The European Cybersecurity Agency (ENISA)’s threat landscape annual report 2022 is heavily influenced by the impact of the Russian invasion of Ukraine on the cyber landscape.
Covering the period from July 2021 up to July 2022, the report was presented under the title Volatile Geopolitics Shake the Trends of the 2022 Cybersecurity Threat Landscape during the Prague Security Conference on November 3, 2022.
“The geopolitical situations, particularly the Russian invasion of Ukraine, have acted as a game changer over the reporting period for the global cyber domain,” reads the report.
Examining the monthly breakdown of cyber incidents, the report shows an increase in February and March 2022, around the time the Russian invasion of Ukraine in late February.
Overall, however, 2022 saw a reduction in number of incidents compared to 2021 – partly because incident handling and analysis are still ongoing and because of the open-source nature of the information collected by ENISA.
“In particular, the category NEAR has a steady high number of observed incidents related to prime threats, which implies their significance in the context of the EU,” reads the report. This category represents incidents within EU borders on networks and systems controlled within EU borders – two of the other types, MID and FAR, account for networks and systems with less reliance on EU controls and the GLOBAL type represent incidents with global impact.
Same Actors, Similar Threats, Still Rising
Overall, prominent threat actors (state-sponsored, cyber-criminal gangs, hacker-for-hire actors and hacktivists) remain the same as last year’s. Similarly, the eight prime threat categories identified (ransomware, malware, social engineering, threats against data, denial of service, internet threats, disinformation-misinformation and supply chain attacks) also appeared in the 2021 edition of the report – only cryptojacking does not make this year’s report.
With more than 10 TB of data stolen monthly during the covered period, ransomware remains a prime threat, ENISA said. More generally, the use of malware was on the rise again after the decrease that was noticed in 2021 and linked to the COVID-19 pandemic.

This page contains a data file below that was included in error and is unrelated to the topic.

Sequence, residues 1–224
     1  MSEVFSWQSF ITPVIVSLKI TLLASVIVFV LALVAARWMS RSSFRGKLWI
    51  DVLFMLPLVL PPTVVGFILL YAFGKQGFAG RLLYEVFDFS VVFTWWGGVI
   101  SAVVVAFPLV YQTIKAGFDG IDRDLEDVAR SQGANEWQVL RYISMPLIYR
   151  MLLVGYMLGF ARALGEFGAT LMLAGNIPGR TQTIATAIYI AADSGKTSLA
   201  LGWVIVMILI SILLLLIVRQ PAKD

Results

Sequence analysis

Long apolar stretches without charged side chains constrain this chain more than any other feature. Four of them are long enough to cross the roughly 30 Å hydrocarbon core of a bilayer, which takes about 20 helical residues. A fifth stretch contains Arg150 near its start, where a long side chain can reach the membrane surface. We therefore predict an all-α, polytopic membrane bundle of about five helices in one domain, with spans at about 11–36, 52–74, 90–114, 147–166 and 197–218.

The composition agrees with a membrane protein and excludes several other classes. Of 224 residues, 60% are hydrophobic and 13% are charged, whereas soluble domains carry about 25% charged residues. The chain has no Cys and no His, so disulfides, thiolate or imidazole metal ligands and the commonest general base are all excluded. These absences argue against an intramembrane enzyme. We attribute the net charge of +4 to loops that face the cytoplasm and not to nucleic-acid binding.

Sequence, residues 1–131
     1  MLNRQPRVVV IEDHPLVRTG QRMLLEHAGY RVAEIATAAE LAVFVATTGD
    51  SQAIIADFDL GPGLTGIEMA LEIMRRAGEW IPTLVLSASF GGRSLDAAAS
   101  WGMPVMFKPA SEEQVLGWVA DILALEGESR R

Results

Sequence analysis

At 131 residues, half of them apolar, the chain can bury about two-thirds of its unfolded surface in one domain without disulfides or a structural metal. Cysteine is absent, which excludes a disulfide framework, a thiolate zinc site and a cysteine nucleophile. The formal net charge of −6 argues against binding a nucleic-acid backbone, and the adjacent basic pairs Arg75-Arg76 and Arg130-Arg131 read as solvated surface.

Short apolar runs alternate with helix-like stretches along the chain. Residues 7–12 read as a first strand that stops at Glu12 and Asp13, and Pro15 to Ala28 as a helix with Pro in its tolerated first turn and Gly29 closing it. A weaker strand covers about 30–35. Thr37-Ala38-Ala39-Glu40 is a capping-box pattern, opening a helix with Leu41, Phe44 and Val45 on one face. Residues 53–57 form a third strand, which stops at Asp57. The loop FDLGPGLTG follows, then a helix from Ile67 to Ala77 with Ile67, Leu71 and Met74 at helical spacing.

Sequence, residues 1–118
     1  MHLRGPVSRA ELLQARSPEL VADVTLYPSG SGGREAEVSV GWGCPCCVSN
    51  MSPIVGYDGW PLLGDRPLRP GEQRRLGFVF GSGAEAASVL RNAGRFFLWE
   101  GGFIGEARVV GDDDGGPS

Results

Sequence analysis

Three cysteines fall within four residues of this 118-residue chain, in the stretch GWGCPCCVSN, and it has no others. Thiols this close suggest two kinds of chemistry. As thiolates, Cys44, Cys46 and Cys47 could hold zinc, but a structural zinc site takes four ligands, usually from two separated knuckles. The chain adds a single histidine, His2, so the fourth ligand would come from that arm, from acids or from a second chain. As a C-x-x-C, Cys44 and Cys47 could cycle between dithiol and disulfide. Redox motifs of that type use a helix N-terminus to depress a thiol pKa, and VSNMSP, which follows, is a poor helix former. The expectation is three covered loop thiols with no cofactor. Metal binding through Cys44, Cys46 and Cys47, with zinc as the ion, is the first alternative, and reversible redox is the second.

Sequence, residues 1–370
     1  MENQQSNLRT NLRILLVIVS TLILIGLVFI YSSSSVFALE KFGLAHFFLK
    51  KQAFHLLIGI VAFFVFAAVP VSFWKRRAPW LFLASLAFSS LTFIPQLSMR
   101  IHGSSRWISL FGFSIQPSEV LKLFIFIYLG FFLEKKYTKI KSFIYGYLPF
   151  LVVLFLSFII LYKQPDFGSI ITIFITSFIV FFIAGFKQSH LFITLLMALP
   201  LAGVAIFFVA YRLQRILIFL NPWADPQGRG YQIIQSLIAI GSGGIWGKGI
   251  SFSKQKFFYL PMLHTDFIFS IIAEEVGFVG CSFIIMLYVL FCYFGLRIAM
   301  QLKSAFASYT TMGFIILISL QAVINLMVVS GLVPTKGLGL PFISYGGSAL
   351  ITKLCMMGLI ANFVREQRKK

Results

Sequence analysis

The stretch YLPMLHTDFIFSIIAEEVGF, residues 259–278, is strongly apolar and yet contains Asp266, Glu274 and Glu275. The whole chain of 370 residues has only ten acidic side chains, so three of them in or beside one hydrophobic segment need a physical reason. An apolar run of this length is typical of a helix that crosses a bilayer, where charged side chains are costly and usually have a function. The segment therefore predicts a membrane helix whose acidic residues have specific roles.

ENISA also noticed an increase in denial-of-service attacks from the summer of 2022. Noticeably, a DDoS attack that targeted an Eastern European customer of the American firm Akamai in July 2022 proved to be the largest ever launched in Europe.
A Wider Range of Vectors
These trends may be familiar, but the devil is in the details. Since the Russian invasion of Ukraine, ENISA has seen a wider range of vectors emerge. “As a result, more malicious and widespread attacks emerge having more damaging impact,” reads the report.
Among them, the agency mentioned:
- Zero-day exploits gaining traction
- A new wave of hacktivism
- Extortion techniques are further evolving with the widespread use of leak sites.
- AI-enabled disinformation, deepfakes and disinformation-as-a-service
- New forms of phishing arising (spear-phishing, whaling, smishing and vishing)
- DDoS attacks getting larger and more complex, moving toward mobile networks and the Internet of Things (IoT)
- Destruction of internet infrastructure, outages and rerouting of internet traffic
The Public Sector Remains a Prime Target
The threat distribution across sectors shows that, while no industry was spared, public and government administrations were still the number one target, accounting for 24.21% of all reported incidents. Public sector attacks, together with those targeting digital service providers and the general public, made up 50% of all threats, with the other half shared by all other sectors of the economy.
“Today’s global context inevitably drives major changes in the cybersecurity threat landscape. The new paradigm is shaped by the growing range of threat actors. We enter a phase which will need appropriate mitigation strategies to protect all our critical sectors, our industry partners and therefore all EU citizens,” Juhan Lepassaar, ENISA’s executive director, stated in the report.
Composed of open-sourced content such as media articles, expert opinions, intelligence reports, incident analysis and security research reports, as well as interviews with members of the ENISA Cyber Threat Landscapes (CTL) working group, ENISA’s annual threat landscape report aims at helping decision-makers, policymakers and security specialists define strategies to defend citizens and organizations in the EU member states.
Leave a Reply